FISH OUT OF WATER

And so by the time this comes to publish, I’ll be fast approaching my second month here at Loka Polly; and what a ride it’s been so far! As I write this I’m looking at our current inventory, still pinching myself that there’s nothing sitting in our cold store left to sell. The feedback has been truly humbling and everyone here has only just picked themselves up off the floor having taken a much needed lie down at people’s positive words.

 

That’s not to say it hasn’t been a chastening experience, on a personal level. When I agreed to join the team here, I was coming from a very comfortable (some would say TOO comfortable) bar manager job, having been the rooster with the plumiest of feathers there for just over six years. Credit where credit is due, I wouldn’t be in the position I’m in now without the place, but I felt the time was right for me to move on and take on something that would offer me a challenge again.

To say the first fortnight was exactly the challenge I envisioned would be an understatement; unsure how to present myself in a business to business situation, sending sales emails that may as well have been me shouting down an empty hallway with cans on my head, and all round just feeling my only contribution to the brewery at that point was consuming the bottomless cups of tea that were being provided; putting a considerable dent in the refreshments budget. There were occasions where I questioned my ability to sell, having been so effortlessly good at it in a bar setting, but my sanity was kept in check by Sean, who to his credit did an absolutely terrific, Oscar-worthy Kevin Costner impression, telling me “If you build it, they will come”; encouraging me to keep improving and building my patter, not allowing my confidence to drop, and effectively casting aside the first week as a trial run to see what worked and didn’t work. After all, we were only an extremely young brewery, not even having fully launched by this point.

 

Then something terrific happened. People began responding. Slowly at first, but building at a consistent rate. I’d cracked it (to a degree), and people were willing to take some time to listen to me talk about our wares. The biggest challenge came when Sean took a week’s snowboarding holiday to Bulgaria, leaving me on my own in the brewery. By that point my confidence was (and still is) riding the crescent of a never-ending wave though, and in many ways this became the most tremendous blessing in a fancy frock - I believe being put in a situation where I was on my own has really allowed me to cut my teeth in this new world I was dipping my toes into. I had the advantage of constant advice available through WhatsApp, but the bigger picture revolved around the fact that someone else had trusted me with their business on my shoulders, and I was determined, for lack of a better word, not to fuck it up.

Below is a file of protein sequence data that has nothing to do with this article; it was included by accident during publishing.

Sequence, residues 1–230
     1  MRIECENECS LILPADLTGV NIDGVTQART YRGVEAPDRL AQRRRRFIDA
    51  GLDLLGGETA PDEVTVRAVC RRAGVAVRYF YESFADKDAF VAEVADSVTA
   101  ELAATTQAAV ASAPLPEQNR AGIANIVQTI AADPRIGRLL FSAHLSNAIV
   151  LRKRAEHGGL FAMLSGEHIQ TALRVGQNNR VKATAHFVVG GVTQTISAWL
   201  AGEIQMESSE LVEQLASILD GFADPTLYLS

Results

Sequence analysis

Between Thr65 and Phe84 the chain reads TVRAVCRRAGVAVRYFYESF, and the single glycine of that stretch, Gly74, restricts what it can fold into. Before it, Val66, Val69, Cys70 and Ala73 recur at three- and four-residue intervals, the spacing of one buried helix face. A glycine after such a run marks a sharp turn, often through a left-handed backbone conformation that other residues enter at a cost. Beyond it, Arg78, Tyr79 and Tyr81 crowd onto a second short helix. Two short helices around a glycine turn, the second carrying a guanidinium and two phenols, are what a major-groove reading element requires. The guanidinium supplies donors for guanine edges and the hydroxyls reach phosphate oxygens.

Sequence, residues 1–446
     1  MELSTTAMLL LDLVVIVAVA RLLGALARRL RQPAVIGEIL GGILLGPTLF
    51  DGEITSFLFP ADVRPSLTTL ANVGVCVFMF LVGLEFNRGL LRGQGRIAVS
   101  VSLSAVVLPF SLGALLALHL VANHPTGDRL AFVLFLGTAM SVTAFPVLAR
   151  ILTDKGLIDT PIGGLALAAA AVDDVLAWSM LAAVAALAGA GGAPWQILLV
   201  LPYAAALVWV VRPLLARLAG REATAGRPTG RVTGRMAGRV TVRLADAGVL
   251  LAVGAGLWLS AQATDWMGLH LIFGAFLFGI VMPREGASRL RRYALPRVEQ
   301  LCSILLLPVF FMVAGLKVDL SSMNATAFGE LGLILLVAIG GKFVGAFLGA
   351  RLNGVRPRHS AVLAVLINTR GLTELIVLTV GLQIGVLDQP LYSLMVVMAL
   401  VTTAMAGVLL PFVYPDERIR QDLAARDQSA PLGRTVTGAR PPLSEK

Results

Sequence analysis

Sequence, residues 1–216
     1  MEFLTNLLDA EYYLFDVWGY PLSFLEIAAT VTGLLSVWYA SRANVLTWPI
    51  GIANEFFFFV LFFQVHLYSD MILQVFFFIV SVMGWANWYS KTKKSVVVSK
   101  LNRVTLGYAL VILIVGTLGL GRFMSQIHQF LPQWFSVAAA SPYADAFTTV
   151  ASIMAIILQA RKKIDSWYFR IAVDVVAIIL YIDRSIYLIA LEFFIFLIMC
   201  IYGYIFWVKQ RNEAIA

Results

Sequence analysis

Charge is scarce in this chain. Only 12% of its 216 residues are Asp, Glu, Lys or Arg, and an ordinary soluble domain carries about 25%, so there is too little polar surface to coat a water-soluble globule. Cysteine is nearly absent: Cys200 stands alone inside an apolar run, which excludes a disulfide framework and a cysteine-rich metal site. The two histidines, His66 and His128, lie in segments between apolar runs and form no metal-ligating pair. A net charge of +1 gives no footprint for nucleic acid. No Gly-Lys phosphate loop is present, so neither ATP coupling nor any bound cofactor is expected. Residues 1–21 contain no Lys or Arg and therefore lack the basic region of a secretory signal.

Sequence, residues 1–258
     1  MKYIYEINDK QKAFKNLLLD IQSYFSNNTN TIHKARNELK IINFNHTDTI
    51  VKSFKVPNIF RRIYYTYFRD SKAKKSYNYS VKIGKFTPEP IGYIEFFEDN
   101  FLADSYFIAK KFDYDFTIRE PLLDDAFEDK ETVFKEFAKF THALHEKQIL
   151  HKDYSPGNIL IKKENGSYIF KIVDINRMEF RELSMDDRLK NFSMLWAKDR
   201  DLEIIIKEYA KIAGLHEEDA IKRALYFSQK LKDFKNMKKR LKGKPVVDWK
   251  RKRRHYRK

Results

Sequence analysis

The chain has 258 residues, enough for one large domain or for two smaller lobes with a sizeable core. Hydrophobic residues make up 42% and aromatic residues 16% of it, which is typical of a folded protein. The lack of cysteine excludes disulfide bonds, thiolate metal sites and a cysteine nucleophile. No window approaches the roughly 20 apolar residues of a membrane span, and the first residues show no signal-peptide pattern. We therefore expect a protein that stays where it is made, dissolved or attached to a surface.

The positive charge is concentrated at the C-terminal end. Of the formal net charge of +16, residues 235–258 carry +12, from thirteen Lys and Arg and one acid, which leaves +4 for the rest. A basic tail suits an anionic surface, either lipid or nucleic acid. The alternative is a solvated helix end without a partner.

In that week alone, I took it upon myself to go on an all out sales onslaught - encouraged by our showing at The Chester Beer Awards and the positive words people were giving us the previous week - and it became pretty clear by the Thursday of that week that our keg stock wouldn’t see the end of the month. Pallets left the brewery, direct and couriered deliveries were scheduled, and as a collective we were left reeling. People were REALLY enjoying our beer; it was appearing in London, Liverpool, and most incredibly, in the hands of Tiny Rebel co-founder Bradley Cummings in Cardiff, who took a second from his incredible CAMRA campaign trail to praise us for what we were producing. Cue me wetting myself like the complete and utter fanboy that I really am.

 

And now we come back to the present moment in time as I write this. The cold store is empty, but we have three new beers sitting in our FVs just waiting to be kegged and released to the public. We’ll be brewing keg-exclusive again the second those beers leave the brewhouse, with a round of canned beers scheduled for mid-April. It’s time now to knuckle down and not allow ourselves to get carried away. We’re still learning every day, and as incredible as our first month has been, it’s on us to ensure that consistency is our main priority. The motto here is “Never Stop Improving” and I’m confident we can carry that message forward and into the future.

 

It’s been a crazy first month; we’ve made some incredible new friends along the way, and now we’re barreling forward full steam into the rest of 2018.

 

Peace out for now,


 

That guy with the weird haircut

 

x

 

 

 

 Coldstore at week 4.

Coldstore at week 4.

Sean Wheldon